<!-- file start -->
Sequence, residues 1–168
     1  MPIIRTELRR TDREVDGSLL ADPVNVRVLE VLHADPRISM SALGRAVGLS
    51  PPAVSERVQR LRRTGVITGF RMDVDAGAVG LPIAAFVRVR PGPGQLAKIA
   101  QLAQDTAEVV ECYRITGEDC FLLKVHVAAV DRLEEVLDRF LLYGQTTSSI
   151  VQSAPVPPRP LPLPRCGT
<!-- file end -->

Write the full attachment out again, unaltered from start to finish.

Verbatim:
Sequence, residues 1–168
     1  MPIIRTELRR TDREVDGSLL ADPVNVRVLE VLHADPRISM SALGRAVGLS
    51  PPAVSERVQR LRRTGVITGF RMDVDAGAVG LPIAAFVRVR PGPGQLAKIA
   101  QLAQDTAEVV ECYRITGEDC FLLKVHVAAV DRLEEVLDRF LLYGQTTSSI
   151  VQSAPVPPRP LPLPRCGT